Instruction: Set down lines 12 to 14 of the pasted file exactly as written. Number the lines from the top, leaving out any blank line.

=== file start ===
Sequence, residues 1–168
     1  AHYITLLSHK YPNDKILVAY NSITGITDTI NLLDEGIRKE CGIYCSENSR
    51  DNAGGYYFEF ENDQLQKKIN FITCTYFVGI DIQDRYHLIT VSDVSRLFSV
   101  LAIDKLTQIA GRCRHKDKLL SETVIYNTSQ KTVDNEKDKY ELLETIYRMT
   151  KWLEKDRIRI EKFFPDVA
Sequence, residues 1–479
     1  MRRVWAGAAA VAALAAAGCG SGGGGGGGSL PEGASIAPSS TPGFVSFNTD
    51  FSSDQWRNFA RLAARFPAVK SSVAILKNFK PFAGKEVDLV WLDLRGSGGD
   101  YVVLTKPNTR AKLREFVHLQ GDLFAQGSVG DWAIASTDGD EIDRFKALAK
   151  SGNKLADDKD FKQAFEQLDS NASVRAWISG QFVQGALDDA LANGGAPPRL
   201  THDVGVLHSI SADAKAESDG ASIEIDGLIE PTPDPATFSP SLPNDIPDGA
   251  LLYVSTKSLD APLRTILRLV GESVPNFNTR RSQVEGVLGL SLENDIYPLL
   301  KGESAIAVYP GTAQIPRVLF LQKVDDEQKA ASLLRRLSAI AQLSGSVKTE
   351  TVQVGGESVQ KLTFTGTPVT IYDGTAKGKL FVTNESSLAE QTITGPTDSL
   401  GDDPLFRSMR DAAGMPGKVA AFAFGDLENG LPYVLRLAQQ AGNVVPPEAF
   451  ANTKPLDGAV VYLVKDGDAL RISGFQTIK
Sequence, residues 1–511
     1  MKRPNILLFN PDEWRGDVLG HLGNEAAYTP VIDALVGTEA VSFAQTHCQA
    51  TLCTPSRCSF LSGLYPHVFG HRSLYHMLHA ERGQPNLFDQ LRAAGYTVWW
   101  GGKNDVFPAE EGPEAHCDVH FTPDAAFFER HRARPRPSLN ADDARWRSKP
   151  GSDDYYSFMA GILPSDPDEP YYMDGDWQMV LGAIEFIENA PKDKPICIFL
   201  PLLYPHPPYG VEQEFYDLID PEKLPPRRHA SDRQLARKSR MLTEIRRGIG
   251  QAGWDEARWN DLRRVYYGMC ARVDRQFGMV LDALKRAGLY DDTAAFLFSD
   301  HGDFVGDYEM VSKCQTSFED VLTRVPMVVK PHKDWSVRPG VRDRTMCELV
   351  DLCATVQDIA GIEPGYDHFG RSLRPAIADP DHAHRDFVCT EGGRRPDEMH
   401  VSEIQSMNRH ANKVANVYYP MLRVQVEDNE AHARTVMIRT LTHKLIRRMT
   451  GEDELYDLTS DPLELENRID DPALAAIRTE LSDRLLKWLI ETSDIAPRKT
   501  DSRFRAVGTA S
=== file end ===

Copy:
   251  LLYVSTKSLD APLRTILRLV GESVPNFNTR RSQVEGVLGL SLENDIYPLL
   301  KGESAIAVYP GTAQIPRVLF LQKVDDEQKA ASLLRRLSAI AQLSGSVKTE
   351  TVQVGGESVQ KLTFTGTPVT IYDGTAKGKL FVTNESSLAE QTITGPTDSL